is that it suffers from what I call "Kiss the Girls syndrome,*" in which only two big name or reasonably big name actors are in a movie, with one as a point of view character cum protagonist, and the other in a role as an aid or mentor, but certainly not a MAJOR CHARACTER. One has to be the "star" and the other the heavy. It doesn't fail. So, twenty minutes into the movie, I decided that Pacino must be the heavy (because, really, who really cares if the girl was a double agent?), even though there appeared to be no real reason for him to be anything other than he seemed. The role was just too small, and more importantly, too sedate for him. And you know what? He turned out to be the heavy, in a "shocking plot twist" that "you'll never see coming!" In a way, I almost hoped that I'd be wrong and it would turn out to be just what it set out to be - all a game (that's what I love about Fincher's The Game, it was exactly what it said it was from the start, yet it still had you on the edge of your seat throughout), but alas, it wasn't. It did give Pacino the chance to do one of his incredibly obnoxious "Pacino-speeches," that I think he's yelled out in every movie since he won the Oscar (maybe not in The Insider, he was subtle Pacino there).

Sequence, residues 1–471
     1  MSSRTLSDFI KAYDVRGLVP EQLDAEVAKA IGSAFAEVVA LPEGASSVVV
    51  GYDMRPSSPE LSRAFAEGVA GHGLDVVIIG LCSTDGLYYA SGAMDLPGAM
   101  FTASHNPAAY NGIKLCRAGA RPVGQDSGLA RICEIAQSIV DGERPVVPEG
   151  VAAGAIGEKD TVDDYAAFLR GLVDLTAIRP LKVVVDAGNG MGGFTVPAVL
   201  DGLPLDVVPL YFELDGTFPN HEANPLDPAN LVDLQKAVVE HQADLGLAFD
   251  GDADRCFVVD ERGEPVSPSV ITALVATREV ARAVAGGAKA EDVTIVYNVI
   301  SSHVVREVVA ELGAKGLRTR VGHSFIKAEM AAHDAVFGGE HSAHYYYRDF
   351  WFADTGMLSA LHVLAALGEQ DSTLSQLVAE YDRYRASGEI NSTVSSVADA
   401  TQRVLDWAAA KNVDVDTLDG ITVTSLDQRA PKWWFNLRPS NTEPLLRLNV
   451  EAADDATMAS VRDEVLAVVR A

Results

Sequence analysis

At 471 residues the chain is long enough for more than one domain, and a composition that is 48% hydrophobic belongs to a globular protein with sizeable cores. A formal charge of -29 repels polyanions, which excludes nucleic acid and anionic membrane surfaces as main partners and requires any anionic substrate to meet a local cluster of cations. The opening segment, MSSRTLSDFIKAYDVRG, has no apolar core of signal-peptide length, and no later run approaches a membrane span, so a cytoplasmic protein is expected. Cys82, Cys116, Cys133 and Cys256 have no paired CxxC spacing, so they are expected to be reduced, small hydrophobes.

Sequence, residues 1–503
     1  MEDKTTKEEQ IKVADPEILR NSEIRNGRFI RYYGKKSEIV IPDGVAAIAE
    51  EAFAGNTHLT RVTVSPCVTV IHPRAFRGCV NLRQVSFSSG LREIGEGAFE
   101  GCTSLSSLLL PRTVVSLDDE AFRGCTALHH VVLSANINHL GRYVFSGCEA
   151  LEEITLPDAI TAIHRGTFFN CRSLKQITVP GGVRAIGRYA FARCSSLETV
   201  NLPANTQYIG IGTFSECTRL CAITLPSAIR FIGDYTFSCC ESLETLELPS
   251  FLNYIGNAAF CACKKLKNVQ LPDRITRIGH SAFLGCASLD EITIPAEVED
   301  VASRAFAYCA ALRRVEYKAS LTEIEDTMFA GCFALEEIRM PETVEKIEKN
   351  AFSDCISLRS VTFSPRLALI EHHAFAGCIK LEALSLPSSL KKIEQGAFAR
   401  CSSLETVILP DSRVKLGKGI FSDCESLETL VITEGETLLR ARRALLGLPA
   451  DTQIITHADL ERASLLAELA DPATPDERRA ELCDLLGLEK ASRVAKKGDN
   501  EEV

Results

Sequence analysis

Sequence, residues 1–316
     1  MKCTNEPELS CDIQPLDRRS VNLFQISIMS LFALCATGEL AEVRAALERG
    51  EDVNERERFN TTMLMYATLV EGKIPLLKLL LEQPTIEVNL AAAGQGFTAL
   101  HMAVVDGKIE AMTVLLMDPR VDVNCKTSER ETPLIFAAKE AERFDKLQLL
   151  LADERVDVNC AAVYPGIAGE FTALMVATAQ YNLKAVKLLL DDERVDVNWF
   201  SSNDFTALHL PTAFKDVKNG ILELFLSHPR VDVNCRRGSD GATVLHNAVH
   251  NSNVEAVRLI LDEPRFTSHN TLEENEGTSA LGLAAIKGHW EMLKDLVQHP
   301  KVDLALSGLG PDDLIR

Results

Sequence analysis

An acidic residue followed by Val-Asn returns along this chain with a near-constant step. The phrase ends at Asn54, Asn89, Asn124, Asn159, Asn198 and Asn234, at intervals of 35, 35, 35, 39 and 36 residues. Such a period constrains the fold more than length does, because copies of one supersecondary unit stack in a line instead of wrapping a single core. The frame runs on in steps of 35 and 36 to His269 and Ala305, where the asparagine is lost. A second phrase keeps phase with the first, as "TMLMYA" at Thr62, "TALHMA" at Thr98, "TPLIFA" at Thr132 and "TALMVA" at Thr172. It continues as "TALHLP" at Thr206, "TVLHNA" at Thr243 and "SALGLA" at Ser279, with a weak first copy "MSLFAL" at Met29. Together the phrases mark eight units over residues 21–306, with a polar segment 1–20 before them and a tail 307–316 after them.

*I call it "Kiss the Girls Syndrome" because that was the first movie where I figured who the heavy was just by the casting. Cary Elwes may not be much of a somebody, but he's a much bigger name than his role in three-quaters of that movie. I'm sure that the scripts seem very twisty and interesting, but if you cast two big names in a flick with mostly non-brand name actors or bit players, and they aren't buddies, then one of them is the baddie, I can almost guar-un-tee. And it takes some of the surprise out of movies like, oh, say Unbreakable.


I suspect that there are also a lot of Vonnegut references in the film, though since I'm not as well read in my Vonnegut as I should be, I only caught the explicit references to Cat's Cradle and Slaughterhouse Five, and the only slightly more subtle reference to Breakfast of Champions. I'm not really sure what the movie has to do with Vonnegut, but maybe there's a subtext there that I missed. More than likely, though, it was just the screenwriter showing himself to be hip with the literary set.

I was also going to talk about Ghost Ship today, but it's getting late, so I'll save that for tomorrow (provided I can even remember it tomorrow).

Tuesday, July 01, 2003

Welcome to Blogosphere to my friends Billy and Jeff!